Normally, Charlie would feel bad for the nurse, but today he’s thankful that her screw-up bought him precious time.
Charlie runs to the staff lockers and gets his guitar. He takes it to Winter and goes right into room 619–though the “room” is barely larger than a closet. “Evening, Mr. Allen.” Mr. Allen doesn’t speak. He never speaks. A month ago he had a stroke and has been waiting his turn to die. Mr. Allen’s room is the furthest from the front desk and one of the few with a patient who never complains about his singing.
Mary would pull out his fingernails if she caught Charlie playing guitar in a patient’s room, but he can’t help himself. He’s waited all day and his hands are shaking so badly that he thinks he’ll die if he doesn’t sing. No, that’s not right. Because Charlie only truly feels alive when he’s playing, which means that he’s already dead when he’s not.
The guitar weighs nothing. Charlie arranges the strap around his neck and touches the tuning pins. He feels the tension in the strings; potential waiting for his fingers to tease it out, set it free. With a deep breath, Charlie closes his eyes, puts the calloused fingertips to the strings and–
“Is this covered by insurance?”
If not for the strap, Charlie would have dropped his guitar. He keeps his eyes closed, hoping maybe it was a hallucination. Because going insane would be the better alternative. He hears the wheeze of the respirator and the hiss of the AC and nothing else. Except–
“Right. I’m calling a nurse.”
“Don’t,” Charlie says. He opens his eyes and turns around. Sitting in a chair in the corner of the room is a girl. She had to have been there the whole time and Charlie curses at himself for being in such a rush. He was jonesing to play so badly that he didn’t see her. The girl is solid and wears a fierce frown that she wields like a cudgel. She stands up but doesn’t go for the call button on Mr. Allen’s bed.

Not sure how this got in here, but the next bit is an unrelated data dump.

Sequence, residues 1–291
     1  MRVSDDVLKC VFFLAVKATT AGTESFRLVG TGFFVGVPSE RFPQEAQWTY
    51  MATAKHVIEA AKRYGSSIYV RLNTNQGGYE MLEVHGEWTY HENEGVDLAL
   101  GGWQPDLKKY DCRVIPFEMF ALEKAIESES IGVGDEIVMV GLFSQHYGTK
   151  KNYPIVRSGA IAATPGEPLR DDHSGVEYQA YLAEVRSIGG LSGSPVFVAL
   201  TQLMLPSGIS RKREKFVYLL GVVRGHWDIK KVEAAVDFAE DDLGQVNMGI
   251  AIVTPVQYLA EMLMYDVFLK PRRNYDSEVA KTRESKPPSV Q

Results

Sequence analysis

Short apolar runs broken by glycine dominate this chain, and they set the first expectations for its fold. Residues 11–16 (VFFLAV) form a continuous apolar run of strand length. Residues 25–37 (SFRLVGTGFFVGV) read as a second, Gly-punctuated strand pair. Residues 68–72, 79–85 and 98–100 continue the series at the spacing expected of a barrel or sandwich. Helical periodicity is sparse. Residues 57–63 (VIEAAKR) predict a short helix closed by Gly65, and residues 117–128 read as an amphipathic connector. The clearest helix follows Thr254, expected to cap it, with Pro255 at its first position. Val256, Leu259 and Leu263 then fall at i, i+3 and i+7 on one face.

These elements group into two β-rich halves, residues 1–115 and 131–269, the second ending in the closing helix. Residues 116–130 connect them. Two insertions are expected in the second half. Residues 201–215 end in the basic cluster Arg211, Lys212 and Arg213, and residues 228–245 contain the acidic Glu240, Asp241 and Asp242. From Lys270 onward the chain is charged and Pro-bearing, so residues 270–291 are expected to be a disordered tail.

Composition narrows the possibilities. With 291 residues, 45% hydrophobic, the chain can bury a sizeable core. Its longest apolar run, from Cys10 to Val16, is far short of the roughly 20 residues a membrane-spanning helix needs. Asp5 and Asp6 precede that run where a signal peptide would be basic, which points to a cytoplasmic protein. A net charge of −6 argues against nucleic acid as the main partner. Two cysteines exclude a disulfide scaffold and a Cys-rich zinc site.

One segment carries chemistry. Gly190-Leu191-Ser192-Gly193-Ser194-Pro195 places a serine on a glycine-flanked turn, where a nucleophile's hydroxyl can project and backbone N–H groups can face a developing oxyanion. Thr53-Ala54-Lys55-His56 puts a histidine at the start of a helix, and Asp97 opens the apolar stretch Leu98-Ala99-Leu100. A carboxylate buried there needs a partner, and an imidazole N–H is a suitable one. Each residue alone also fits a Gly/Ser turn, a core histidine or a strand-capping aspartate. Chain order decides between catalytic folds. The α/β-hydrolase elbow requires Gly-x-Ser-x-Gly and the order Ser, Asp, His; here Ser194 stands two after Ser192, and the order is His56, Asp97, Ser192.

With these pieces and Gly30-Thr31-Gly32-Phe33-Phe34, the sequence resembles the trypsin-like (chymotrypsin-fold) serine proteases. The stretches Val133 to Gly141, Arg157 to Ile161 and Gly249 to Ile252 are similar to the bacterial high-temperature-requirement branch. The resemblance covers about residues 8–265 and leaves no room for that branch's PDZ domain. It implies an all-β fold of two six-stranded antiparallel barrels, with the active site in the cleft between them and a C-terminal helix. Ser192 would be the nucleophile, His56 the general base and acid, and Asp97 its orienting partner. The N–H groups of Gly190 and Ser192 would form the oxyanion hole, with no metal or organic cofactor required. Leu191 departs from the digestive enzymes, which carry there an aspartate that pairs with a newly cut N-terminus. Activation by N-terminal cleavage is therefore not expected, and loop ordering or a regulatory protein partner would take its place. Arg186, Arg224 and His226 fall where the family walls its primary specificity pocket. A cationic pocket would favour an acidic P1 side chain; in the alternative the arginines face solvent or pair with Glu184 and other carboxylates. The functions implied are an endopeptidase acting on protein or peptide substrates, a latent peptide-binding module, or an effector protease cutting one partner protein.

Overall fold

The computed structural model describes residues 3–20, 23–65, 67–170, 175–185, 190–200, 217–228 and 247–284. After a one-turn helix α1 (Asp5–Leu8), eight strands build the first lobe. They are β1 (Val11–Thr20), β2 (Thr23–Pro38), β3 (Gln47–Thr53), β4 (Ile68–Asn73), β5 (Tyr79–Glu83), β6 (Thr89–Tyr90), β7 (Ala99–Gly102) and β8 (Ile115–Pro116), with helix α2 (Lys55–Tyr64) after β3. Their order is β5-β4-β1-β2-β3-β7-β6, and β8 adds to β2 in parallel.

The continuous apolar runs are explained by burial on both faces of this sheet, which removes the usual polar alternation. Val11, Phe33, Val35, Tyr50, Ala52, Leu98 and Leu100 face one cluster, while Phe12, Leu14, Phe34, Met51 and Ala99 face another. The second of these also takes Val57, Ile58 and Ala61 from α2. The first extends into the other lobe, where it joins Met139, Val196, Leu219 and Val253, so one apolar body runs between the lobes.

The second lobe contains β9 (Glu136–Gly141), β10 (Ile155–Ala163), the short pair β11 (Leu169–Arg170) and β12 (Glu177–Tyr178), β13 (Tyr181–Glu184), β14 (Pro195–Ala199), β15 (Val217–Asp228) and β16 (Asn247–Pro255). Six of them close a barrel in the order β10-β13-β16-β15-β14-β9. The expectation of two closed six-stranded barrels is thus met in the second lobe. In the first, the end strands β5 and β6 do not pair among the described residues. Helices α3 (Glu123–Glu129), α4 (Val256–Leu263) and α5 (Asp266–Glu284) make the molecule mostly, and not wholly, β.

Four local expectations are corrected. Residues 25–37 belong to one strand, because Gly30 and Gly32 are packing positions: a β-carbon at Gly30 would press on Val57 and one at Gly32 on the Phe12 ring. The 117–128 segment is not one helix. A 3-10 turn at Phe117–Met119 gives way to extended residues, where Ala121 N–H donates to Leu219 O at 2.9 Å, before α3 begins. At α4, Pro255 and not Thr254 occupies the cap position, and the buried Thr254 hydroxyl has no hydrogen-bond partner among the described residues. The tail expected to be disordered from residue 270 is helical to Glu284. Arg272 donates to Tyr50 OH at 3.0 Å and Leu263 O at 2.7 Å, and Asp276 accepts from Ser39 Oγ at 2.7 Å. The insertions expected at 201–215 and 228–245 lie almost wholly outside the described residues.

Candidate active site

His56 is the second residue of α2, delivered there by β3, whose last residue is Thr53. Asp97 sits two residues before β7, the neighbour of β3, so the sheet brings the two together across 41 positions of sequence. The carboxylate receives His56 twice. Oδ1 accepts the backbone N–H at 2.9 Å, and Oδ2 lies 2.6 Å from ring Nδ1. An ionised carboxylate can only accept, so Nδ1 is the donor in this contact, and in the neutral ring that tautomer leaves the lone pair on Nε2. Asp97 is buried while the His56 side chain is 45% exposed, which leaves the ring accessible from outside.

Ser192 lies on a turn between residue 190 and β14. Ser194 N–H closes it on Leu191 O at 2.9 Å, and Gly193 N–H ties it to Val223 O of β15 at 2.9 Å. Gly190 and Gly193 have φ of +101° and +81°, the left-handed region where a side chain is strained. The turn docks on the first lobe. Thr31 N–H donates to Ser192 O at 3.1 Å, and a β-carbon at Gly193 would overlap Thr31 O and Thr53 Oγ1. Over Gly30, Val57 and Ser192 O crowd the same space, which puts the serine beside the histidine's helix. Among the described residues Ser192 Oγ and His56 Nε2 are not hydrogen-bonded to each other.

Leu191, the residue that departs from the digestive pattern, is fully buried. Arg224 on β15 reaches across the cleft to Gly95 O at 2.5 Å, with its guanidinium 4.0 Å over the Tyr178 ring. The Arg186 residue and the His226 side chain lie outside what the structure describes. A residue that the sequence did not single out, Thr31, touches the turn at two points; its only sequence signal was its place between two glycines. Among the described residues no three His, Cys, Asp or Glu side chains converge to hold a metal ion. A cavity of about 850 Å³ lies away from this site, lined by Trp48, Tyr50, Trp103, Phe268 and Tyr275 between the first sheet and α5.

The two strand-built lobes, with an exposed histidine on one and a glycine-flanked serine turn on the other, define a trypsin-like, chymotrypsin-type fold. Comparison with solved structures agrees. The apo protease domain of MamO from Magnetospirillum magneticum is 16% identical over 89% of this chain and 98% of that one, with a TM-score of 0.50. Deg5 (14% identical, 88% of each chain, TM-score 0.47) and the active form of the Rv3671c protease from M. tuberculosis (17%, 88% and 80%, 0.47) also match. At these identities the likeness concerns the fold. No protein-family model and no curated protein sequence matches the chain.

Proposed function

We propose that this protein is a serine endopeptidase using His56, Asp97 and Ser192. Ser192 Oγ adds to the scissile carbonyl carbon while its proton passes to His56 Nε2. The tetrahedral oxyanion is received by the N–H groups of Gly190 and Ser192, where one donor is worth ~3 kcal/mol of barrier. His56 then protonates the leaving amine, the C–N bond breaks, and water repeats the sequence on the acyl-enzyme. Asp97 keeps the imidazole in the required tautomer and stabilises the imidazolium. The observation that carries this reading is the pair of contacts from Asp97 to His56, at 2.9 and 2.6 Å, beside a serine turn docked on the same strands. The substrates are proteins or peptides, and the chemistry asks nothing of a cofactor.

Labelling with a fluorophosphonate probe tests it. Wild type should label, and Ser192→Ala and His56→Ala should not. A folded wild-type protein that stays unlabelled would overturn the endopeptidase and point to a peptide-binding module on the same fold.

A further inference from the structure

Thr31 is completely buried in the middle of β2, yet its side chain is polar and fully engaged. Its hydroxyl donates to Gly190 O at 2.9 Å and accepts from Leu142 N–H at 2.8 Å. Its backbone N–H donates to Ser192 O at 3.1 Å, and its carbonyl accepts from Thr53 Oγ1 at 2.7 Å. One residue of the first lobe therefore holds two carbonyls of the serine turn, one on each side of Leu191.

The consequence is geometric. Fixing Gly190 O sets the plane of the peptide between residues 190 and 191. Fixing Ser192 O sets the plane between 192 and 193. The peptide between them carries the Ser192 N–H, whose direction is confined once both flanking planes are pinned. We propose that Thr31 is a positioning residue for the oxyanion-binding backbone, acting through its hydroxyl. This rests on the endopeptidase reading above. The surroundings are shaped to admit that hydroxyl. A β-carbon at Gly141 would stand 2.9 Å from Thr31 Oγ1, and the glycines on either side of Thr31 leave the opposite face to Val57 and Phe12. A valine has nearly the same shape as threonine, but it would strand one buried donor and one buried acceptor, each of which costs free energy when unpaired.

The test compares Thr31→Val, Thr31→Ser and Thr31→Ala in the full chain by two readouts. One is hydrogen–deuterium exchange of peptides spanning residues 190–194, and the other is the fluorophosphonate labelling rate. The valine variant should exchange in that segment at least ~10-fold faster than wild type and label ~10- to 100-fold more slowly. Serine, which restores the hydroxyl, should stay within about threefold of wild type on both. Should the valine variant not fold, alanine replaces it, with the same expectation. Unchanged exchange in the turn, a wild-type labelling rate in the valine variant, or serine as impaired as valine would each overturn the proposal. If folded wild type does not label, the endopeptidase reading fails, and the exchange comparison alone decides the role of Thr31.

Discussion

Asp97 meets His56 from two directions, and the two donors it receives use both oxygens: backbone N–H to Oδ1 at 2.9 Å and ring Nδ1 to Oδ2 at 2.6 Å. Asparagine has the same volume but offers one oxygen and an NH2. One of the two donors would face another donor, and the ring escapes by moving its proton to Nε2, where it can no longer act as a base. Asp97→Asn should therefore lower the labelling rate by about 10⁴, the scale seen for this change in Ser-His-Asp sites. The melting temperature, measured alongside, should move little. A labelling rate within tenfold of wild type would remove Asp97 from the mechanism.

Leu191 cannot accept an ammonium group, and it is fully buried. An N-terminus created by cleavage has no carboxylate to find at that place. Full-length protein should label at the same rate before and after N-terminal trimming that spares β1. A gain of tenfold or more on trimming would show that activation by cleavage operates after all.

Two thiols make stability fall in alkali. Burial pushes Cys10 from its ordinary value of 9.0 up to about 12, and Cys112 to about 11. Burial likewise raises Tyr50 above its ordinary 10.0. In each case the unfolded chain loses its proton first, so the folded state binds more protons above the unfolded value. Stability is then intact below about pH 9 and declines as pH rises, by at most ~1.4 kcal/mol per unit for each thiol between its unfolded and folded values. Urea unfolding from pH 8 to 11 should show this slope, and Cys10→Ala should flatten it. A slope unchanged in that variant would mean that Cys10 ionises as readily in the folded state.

“What’re you doing in here?” the girl asks. Her acid tone tells Charlie that she is not be trifled with. She is Charlie’s age, he thinks, but she holds herself like someone much older.
“Nothing,” Charlie says. He stutters. Pain cramps his fingers, running up his hands and into his arms, like a long, barbed needle shoved into the muscle through his fingernails. So much fucking pain.
“Sorry,” Charlie mumbles. “I wasn’t hurting anyone.” He leaves a quickly as his leg will allow.
Audrey Allen hates her first name but she’s glad that her mother named her after her favorite actress rather than her favorite movie. Going through life as Tootsie Allen would have been a catastrophe.
“You know that guy, Gramps?” Audrey asks after Charlie’s slow escape. She peeks out into the hallway, but the strange boy is gone. Odd, but he didn’t look like a menace. Part of Audrey wishes she’d kept her mouth shut until she’d at least had a chance to hear him play.
Audrey paces her grandfather’s small room, straightening his comforter and picking the petals off the wilted flowers. People stopped sending Get Well cards and bouquets after the first week. Not even her parents come by as often as they used to. Audrey is here every day. She used to come in the mornings, but now that school has started, she has to wait until after classes. Not that Gramps minds.
“I hate first days,” Audrey says after she settles back into her chair. “More stupid teachers, more stupid kids. I can’t wait to graduate, you know?” This is how it is. Audrey talks and her grandfather, insomuch as he is able to, listens. She is sure that he hears her, though even the doctors agree that it is likely he doesn’t. Gramps hated the mundane, and Audrey tells him every detail of her day in the hopes that he’ll snap out of it and yell at her to stop boring him. A miracle that seems less likely every day.